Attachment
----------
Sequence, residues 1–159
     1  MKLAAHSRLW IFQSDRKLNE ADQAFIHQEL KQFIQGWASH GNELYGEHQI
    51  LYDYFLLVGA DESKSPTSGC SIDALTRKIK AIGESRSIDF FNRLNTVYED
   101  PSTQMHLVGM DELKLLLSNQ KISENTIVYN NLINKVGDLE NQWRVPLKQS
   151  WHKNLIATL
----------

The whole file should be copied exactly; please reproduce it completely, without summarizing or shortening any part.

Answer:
Sequence, residues 1–159
     1  MKLAAHSRLW IFQSDRKLNE ADQAFIHQEL KQFIQGWASH GNELYGEHQI
    51  LYDYFLLVGA DESKSPTSGC SIDALTRKIK AIGESRSIDF FNRLNTVYED
   101  PSTQMHLVGM DELKLLLSNQ KISENTIVYN NLINKVGDLE NQWRVPLKQS
   151  WHKNLIATL